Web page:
It sounds like you've come to terms with this and are at a good place. I think we expect our mother's to protect us more than our father's and it hurts a heck of a lot more when they let us down. I understand your anger there.

    They've missed out on a lot. If they weren't so nasty to you, I'd almost feel sorry for them.
     
  8. witzend

    witzend Well-Known Member

    You know, I have to give credit where credit is due for my dad. He worked hard all his life. He sent all five of us to parochial schools on a working man's wage and sometimes that meant that he had to work several jobs. He wasn't a bum. He was and is a drunk, and a mean one at that. He only beat us when he was pushed, and I say that fully aware that was no excuse. Only a measurement that it happened only to some of us and only occasionally. It wasn't a regular weekend thing or every time he got ticked. We just didn't have any examples of love from him. I think that is what makes it so hard for some in the family. The only way to feel like you were getting anywhere with him was to treat him like he was the big hero and the answer man, so everyone was always tripping all over themselves for his approval.

    As for my mom - as ticked off as I got at my kids, I was also a warrior mom, and heaven help anyone who had the nerve to badmouth or pick on them. husband included.
     
  9. goldenguru

    goldenguru New Member

    Ya know witz - I thought about this post a long while before I responded. So take it for what it's worth.

    1) I don't know how old your dad is - but there is a generation of men who 'loved' their families by working hard to provide them with material necessities. It is their 'love language' if you will. My father is one of those men.

    2) I don't know your dad - but men in general are NOT deep thinkers or feelers. To get some men to acknowledge, let alone verbalize an emotion is almost beyond the realm of possible. My father is one of those men. I have never really seen or heard much in the way of deep feelings from him except toward my own children - his grandchildren.

    Men our dad's ages were never expected to 'nurture' their children really. It just isn't what dad's did. It's sad - but it's a fact.

    3) As people age they do in fact become more narcissistic and often hypochondriacs. I suppose as we approach death we become more aware of our own frailties.

    None of these things negates your hurt or desire to have a close loving relationship with your dad. I just hope that in pointing out some generalities, it helps to understand a bit where your dad is at. It helped me to understand that my own dad is a product of his own upbringing and culture. It helps me to remember that our parent's shortcomings are really NOT about us - but more about them.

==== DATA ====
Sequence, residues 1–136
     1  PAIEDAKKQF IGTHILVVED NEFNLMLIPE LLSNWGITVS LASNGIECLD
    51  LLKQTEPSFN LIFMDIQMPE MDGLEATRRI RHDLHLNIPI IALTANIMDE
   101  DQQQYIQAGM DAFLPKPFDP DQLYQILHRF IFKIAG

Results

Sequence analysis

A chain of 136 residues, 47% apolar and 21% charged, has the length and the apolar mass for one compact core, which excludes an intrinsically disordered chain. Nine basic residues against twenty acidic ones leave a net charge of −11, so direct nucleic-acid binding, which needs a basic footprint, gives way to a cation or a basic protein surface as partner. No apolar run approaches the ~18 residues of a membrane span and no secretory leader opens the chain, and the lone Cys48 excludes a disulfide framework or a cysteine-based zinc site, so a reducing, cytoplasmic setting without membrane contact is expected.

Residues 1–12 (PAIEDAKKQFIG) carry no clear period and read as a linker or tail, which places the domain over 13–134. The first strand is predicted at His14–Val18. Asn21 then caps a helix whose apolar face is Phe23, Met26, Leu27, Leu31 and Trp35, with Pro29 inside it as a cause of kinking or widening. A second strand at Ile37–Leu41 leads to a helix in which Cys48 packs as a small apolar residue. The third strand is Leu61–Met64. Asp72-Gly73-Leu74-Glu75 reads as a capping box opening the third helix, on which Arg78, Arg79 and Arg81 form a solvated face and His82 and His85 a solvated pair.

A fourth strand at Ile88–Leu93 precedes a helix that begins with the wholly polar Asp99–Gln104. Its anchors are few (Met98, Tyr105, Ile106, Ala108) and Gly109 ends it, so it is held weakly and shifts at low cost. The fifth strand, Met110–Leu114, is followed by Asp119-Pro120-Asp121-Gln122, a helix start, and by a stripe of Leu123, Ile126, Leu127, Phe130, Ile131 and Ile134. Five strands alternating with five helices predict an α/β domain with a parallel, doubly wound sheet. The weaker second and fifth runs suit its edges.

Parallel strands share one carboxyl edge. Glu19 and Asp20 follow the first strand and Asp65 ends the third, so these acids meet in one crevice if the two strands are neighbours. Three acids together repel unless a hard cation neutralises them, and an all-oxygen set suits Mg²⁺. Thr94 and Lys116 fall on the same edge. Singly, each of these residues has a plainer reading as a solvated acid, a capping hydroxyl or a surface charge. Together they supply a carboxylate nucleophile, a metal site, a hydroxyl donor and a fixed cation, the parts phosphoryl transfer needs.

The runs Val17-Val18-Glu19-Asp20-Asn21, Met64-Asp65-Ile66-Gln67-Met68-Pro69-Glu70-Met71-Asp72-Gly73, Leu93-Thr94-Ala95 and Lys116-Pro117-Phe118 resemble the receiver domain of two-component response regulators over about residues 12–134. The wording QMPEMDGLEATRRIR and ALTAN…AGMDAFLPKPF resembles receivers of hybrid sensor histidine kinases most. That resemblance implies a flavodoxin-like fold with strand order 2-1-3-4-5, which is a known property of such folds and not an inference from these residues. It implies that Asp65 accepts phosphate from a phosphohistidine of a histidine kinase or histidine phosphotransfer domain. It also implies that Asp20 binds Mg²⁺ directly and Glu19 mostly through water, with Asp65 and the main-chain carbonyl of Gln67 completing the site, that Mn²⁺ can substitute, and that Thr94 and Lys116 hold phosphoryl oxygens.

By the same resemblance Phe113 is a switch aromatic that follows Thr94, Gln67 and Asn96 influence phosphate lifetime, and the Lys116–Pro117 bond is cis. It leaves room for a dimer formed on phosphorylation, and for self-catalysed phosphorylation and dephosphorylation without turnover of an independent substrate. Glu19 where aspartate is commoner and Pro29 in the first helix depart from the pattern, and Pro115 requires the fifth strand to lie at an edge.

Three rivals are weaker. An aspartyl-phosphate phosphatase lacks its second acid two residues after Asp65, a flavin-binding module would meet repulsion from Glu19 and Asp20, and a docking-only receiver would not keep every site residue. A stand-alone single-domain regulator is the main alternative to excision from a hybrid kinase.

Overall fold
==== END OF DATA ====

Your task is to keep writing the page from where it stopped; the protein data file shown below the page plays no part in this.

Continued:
I think sometimes age softens men. It did my own dad and father in law. Perhaps they do come to a place of realization. My hope is that your dad will get there too.
    Hugs.
     
  10. witzend

    witzend Well-Known Member

    GG, I appreciate your thoughts, and it's not that I haven't heard them before. I disagree with them. It was more acceptable for men of their generation to be that way, and more acceptable for women of my mother's generation to tolerate it in everything that they did. But there are two problems I find with that playing into real life, though. (by the way, he's 80, and I am nearing 50. He's the oldest of four, I'm the youngest of 5.)

    1) Not all men of his generation were like that. Many men worked hard and were able to show love to their families.

    2) It's a shortcoming that was never addressed because 50 years ago society found it more acceptable. Forty five years ago it began to be less acceptable and everyone has to grow up sometime, even what was then a 35 year old man.

    He told me the last time I talked (fell out) with him that my sister-in-law went to him and told him how messed up my brother T was because nothing T did ever made my dad proud of him. All five of us kids did very well in school, weren't in trouble with the law, had homes and families, but her depiction was totally accurate. T is the only of us to have any kind of degree, and is a "househusband" because his wife earns a ton of money and he can't keep a job. Dad puffed up his chest and told me "I told her that I never was and never will be proud of my kids because perfection is the least I expect of them." WTH! He was totally serious and it is totally accurate. We can be perfect, and he will never be proud of us because that's his low measuring point. Because his children must at least all be perfect. Mind you, everyone else's children and grandchildren get kudos for every little thing that they do because they are not "his".

    Sad to say, with my dad, it's pure unadulterated ego. But you are right that it was more acceptable 50 years ago. But the man hasn't worked in 30 years and is living on my mother's siblings' inheritances. It was time for him to give 50 years ago up a long time ago. But I would have been happy with him having a clue when someone told him 15 years ago that we all were messed up because he has no pride in us. It didn't even dawn on him that he could do a small thing to make us happy, all he could do was justify our pain with his need to feed his ego.
     
    Last edited: Oct 23, 2008
  11. goldenguru

    goldenguru New Member

    "I told her that I never was and never will be proud of my kids because perfection is the least I expect of them."

    I'm sorry witz. This is way beyond being a generational thing. This is just plain being mean and controlling. This is above and beyond the inability to say the words "I love you". He's deluded.

    *sigh* It's so hard to come to terms with having messed up parents.

    Again I'm sorry for you.
     
    Last edited: Oct 23, 2008
  12. witzend

    witzend Well-Known Member

    Yep, he was pretty proud of having come up with that idea, and of having the opportunity to verbalize it twice was more than he could have hoped for, I'm sure.
     
  13. meowbunny

    meowbunny New Member

    It really is a shame when our parents can't be the parents they should be. I'm in the same boat with my mother. I guess I'm lucky that we have a relationship at all but it is strictly on her terms. I'm just not becoming an adult enough to put my foot down and say this is what I am and what I am doing with my life. Accept it or not.

    Your dad has cheated himself out of his kids. He'll ultimately lose the love and respect of his grandkids and great-grandkids if he hasn't already. His loss. Not theirs.

    I hate that you don't have a relationship with your family. I know that hurts but the reality is they are the losers, not you. As the saying goes, you can choose your friends but not your family. However, it doesn't go quite far enough -- you can choose to stay away from your family and, sometimes, it is the only option that is viable. Who knows, maybe one day they'll see what a truly wonderful person you are. If not, then stick with your friends who do love and appreciate you (including us).

    HUGS